Young or old, the United Nations calls for ‘digital equality’ for all – a global issue

In his message, the UN secretary-general said that as each individual faces the challenge of navigating the world’s growing reliance on technology, “perhaps no population can benefit more from support than the elderly.”

For Antonio Guterres, these technologies can help older citizens stay connected with loved ones, attend religious services, or take up positions.

“All of this work and much more is increasingly being done online, especially as individuals and communities struggle with the restrictions imposed in response to the Kovid-1 pandemic epidemic,” he said.

The key to digital defense

Older people are often further isolated during epidemics and are also at risk of increasing exposure to cybercrime.

Mr Guterres said: “While taking all possible measures to hold unscrupulous criminals accountable for the abuse of older people, we must work to strengthen the digital skills of adults as an important defense, and to find ways to improve their well-being.”

For him, older people are much more than a vulnerable group: “They are the source of knowledge, experience and rich contributions to our collective progress.”

The Secretary-General further argued that while older people could access and use new technologies, they would be better equipped to contribute to achieving the Sustainable Development Goals (SDGs).

He called for more inclusive policies, strategies and actions to achieve digital equality for people of all ages.

Digital gap

Despite rapid digital innovation and indicative growth, half of the world’s population remains off-line, with stark contrast between the most developed countries (87%) and the least developed countries (19%). Women and the elderly also face digital discrimination.

In Europe, for example, only one in four older Europeans has basic or more basic digital skills, compared to two in three between the ages of 35 and 44; According to the United Nations Economic Commission for Europe (UNECE), three out of four people aged 25-34 and four out of five young people (16-24).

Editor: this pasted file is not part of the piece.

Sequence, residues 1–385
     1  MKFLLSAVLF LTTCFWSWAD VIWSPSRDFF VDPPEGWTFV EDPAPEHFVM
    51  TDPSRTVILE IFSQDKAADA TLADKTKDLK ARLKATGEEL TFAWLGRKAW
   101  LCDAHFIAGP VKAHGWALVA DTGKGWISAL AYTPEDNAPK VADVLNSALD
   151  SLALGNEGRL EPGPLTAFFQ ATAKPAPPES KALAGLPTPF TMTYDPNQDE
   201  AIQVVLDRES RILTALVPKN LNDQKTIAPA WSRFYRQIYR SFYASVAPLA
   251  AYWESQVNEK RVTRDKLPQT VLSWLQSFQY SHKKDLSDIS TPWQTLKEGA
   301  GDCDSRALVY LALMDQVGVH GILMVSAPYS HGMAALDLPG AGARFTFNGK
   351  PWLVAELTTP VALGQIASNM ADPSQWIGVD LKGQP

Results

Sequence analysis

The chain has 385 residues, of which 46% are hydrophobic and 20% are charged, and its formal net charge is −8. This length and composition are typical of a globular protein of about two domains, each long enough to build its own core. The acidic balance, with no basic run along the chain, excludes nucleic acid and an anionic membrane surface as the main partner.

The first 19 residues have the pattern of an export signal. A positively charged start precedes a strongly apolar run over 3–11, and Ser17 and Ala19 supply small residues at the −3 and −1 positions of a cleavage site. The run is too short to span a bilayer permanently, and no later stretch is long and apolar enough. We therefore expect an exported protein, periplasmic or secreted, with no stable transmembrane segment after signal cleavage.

A survey from 2001 shows that in the European Union, 98 percent of survey respondents between the ages of 5 and 5 are at least occasionally involved in Internet activity, compared to 1 to 2 of those aged 2 years.

Barriers are different, including digital devices or Internet access, lack of skills, experience and confidence. Technical design also makes engagement at an age more challenging, when some physical or cognitive impairment occurs.

Stimulated by aging

All of these issues should become clearer as the world’s population grows.

Worldwide, there were 703 million people aged 65 or over in 2019. In the next three decades, the number of elderly people worldwide could more than double, reaching more than 1.5 billion people by 2050.

Least Developed Countries (LDCs), excluding LDCs, will be home to two-thirds (1.1 billion) of the world’s elderly population by 2050.

The fastest growth is expected to occur in the least developed countries, where the number of people aged 65 and over could rise from 37 million in 2019 to 120 million (225%) in 2050.

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